Empty home offered at ‘attractive price’ as council bids to tackle housing shortage
- Credit: Archant
Ipswich council is stepping up the battle against empty homes in the town in a bid to bring more back into use and ease the housing crisis.
One of the latest to be taken over by the borough is a semi-detached house in Upton Close which has been empty for many years.
It has now been compulsorily purchased by the council – and it will be sold to someone prepared to restore it and make it a much-loved home again.
This is Empty Homes Week and the council is using this to highlight its priority of returning more homes into use.
An empty property can increase crime and anti-social behaviour, squatters and fly-tipping. And that isn’t good for neighbours, whether they are tenants or homeowners.
But owners of empty homes can lose out financially, with council tax bills of 150%, increased maintenance costs and insurance and a loss in potential rental income.
The council’s housing portfolio-holder, councillor Neil MacDonald, said: “We want to get more empty homes back into use by talking to owners to find out why homes are empty and by offering advice and support. As a last resort, we will use the powers of compulsory purchase to bring homes back into use.”
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Around 100 homes have been brought back into use in the past three years and the council is currently working on a caseload of another 100 at varying stages of progress.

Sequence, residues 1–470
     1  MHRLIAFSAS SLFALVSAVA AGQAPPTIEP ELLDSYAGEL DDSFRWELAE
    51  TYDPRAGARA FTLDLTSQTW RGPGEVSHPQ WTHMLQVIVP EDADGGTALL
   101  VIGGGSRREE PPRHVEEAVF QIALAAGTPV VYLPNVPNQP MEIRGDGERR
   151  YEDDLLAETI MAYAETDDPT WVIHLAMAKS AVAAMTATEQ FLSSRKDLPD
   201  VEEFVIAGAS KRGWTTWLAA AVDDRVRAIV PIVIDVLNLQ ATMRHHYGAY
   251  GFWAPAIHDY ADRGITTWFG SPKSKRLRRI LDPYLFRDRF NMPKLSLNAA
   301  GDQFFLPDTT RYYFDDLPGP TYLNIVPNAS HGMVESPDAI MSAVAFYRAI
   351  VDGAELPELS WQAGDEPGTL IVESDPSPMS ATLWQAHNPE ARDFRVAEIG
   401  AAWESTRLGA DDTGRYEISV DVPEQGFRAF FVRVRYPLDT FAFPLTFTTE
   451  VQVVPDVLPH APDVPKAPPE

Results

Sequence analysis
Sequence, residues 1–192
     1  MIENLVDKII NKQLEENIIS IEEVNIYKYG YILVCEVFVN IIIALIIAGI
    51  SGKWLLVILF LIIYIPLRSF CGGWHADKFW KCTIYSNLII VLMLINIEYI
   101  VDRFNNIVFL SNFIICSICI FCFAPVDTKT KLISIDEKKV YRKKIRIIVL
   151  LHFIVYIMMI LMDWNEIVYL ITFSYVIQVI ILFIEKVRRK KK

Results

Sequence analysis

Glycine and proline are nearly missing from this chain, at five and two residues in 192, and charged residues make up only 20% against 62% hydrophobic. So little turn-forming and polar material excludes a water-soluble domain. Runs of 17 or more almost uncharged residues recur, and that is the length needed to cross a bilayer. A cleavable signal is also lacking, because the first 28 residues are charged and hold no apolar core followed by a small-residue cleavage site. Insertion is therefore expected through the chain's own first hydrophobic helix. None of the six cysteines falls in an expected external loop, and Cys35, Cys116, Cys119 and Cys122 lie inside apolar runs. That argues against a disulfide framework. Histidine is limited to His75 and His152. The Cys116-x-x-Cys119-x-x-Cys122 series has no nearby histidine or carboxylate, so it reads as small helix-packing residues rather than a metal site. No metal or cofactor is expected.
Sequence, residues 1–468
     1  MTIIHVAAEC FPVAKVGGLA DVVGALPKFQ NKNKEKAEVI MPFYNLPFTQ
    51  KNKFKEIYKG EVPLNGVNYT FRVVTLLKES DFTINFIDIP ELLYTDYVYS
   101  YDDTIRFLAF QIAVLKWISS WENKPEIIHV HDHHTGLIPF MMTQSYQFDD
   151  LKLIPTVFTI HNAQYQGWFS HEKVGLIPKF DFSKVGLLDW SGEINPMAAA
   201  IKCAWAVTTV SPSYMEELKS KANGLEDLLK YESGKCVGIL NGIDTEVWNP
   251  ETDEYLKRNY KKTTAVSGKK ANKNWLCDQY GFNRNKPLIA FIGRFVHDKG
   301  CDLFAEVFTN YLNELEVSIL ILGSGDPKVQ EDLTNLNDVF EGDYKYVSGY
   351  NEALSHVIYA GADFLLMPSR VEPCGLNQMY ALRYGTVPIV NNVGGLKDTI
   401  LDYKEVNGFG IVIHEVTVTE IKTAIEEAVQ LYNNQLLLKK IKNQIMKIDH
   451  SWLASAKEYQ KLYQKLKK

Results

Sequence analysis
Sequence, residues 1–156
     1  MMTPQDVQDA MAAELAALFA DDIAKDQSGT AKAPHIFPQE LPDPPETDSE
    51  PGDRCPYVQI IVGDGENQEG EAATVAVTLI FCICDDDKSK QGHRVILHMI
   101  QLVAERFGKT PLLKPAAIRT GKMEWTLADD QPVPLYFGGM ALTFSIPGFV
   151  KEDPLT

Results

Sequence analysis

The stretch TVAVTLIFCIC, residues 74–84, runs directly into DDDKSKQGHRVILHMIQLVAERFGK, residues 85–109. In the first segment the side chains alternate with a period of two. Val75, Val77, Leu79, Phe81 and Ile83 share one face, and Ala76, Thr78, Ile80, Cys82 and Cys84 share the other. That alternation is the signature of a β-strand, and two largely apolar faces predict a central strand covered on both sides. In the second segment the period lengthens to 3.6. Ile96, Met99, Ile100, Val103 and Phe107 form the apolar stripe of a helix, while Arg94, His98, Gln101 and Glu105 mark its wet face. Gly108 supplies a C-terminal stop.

Landlords or owners of empty properties could be eligible for an Empty Homes Renovation Grant of up to £10,000 to bring a property that has been empty for more than a year back into use.
Homes are either restored and offered for rent as a council house, restored and sold to a private buyer, or sold as they are to someone who wants to restore it – possibly as a starter home. That is what is happening to this house in Upton Close.
Mr MacDonald said: “There are council grants of up to £20,000 available to first-time buyers wanting to restore a property to make into their home – it’s a good way of getting on to the housing ladder.
“This particular house needs quite a lot of work to be done to it, but it could come at an attractive price for someone who knows what they are doing and wants to restore it as their home – I hope to see it back in use as someone’s cherished home again within the next few months.”